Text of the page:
The negative impact of paper tissues on water consumption and pollution is the theme of the winning entry in an annual Environmental Protection Agency (EPA) contest for young people. Wong Cheuk Yin Cayden, a student at St Columba’s College in…
A currach with the Mayo islands of Inishturk and Achill in the background. Irish island tourism is to be monitored with an EU-approved system
A European system of measuring the impact of tourism on communities is to be introduced on a number of islands off the west Irish coast this summer. Three Aran islands and Inishbofin off Galway, along with Donegal’s Tory and Arranmore,…
European Tracking Network’s annual meeting
This week the Loughs Agency welcomed Europe’s top marine scientists to the Northwest for the European Tracking Network’s (ETN) annual meeting, with delegates from across the continent attending the three-day event in Derry. The conference, which is funded by the…
The Sand Quay refurbishment at Monkstown Bay is a work in progress and there has been a thumbs up for the new surface that replaces the grass. 
Monkstown Bay boaters in Cork Harbour got a pre-season boost with a general tidying up of the town's Sand Quay and boat park extensively used by Monkstown Bay Sailing Club (MBSC). The improvements come as the Cork Lower Harbour Main…
One of the installed turbines at Hornsea Two offshore wind farm
Ørsted, the world leader in offshore wind, has acquired a majority stake in the 100 MW Salamander floating offshore wind development project on the Scottish coast, entering a joint venture (JV) partnership with Simply Blue Group, a leading Irish blue…
Diver video is recorded to monitor the seagrass condition around the entire circumference of new eco-friendly moorings on Strangford Lough
At the end of March, the Strangford and Lecale Partnership started a new pilot study of Advanced Mooring Systems in Strangford Lough. It is the first study of its kind in Northern Ireland, and these eco-friendly moorings will avoid or…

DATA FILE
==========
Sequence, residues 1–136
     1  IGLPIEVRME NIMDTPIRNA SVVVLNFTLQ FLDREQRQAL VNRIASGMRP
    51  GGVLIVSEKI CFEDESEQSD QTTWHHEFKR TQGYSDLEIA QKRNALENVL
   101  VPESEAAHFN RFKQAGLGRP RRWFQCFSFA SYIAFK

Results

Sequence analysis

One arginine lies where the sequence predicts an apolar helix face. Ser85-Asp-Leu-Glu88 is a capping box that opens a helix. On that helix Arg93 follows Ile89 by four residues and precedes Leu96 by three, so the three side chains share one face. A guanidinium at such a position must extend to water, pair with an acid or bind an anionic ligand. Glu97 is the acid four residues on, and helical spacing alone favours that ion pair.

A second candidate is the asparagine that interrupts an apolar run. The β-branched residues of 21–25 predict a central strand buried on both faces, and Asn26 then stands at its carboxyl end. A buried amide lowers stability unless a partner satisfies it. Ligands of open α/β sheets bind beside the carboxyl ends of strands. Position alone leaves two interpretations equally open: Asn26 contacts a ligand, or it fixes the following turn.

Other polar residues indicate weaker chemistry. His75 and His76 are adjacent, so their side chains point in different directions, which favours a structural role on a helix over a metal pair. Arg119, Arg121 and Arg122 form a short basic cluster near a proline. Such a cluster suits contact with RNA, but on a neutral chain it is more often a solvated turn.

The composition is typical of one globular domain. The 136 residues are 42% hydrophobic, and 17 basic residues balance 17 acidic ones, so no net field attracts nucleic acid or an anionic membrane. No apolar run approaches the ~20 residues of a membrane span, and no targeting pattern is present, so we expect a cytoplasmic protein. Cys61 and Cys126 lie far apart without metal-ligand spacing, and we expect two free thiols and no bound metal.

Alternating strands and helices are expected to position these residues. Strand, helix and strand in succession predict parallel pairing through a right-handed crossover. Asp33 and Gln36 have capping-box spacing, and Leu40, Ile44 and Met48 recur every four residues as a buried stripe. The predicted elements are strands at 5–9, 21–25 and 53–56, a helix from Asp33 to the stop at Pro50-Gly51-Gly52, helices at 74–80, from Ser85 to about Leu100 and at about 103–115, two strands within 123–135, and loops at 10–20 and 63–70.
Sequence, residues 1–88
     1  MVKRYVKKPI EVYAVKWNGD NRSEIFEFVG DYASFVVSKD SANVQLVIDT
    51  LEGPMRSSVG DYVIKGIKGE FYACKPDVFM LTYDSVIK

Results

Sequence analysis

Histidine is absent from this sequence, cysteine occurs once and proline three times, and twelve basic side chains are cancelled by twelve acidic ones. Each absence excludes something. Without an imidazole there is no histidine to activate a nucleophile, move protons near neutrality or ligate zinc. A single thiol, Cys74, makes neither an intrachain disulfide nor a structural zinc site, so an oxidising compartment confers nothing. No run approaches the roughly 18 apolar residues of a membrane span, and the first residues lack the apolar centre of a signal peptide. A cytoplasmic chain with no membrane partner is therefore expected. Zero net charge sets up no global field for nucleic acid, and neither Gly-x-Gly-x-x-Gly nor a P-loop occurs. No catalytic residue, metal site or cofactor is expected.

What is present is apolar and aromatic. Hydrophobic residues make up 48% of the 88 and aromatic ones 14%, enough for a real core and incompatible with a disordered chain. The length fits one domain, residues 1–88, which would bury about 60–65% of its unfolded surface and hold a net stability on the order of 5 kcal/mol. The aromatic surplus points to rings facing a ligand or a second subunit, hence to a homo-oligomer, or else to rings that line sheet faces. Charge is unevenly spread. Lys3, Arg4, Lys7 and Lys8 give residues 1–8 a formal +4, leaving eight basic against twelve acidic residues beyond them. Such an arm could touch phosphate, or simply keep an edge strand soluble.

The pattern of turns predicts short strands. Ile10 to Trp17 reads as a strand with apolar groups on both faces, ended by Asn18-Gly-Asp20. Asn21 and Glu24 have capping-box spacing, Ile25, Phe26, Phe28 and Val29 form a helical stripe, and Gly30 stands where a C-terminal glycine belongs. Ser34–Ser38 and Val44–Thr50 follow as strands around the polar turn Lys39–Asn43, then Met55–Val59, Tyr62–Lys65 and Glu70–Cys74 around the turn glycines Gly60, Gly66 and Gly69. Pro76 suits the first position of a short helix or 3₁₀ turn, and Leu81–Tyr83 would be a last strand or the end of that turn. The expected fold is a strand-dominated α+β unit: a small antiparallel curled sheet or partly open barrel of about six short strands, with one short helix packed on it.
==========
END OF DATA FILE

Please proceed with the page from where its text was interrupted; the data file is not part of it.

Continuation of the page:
Taoiseach Micheál Martin is to address a renewable energy conference hosted by the Port of Galway next week. Mr Martin will give the keynote speech at the event, entitled “The renewable energy opportunity for the west of Ireland”. The event…
Lough Derg Blueway - Fáilte Ireland says its research shows that 73%* of domestic tourists engaged in outdoor activities on their most recent overnight trip, ranging from walking and hiking, to swimming, kayaking and canoeing.
Three “blueways” developed across four Irish counties are “the first in the world” to be accredited as such, Fáilte Ireland says. “Blueways” encourage the use of lakes, canals, rivers and coastal environments for walking, cycling, swimming, kayaking, stand up paddleboarding…
Rhoda Twombly, Secretary of Comhdháil Oileán na hÉireann, the Islands’ Federation
No other community has experienced such a dramatic population decline as the offshore islands, according to the Islands’ Federation In 1841, the population on the islands was 34,219. By 2016 that number had reduced to 2,627. “These figures have not…

For all you need on the Marine Environment - covering the latest news and updates on marine science and wildlife, weather and climate, power from the sea and Ireland's coastal regions and communities - the place to be is Afloat.ie.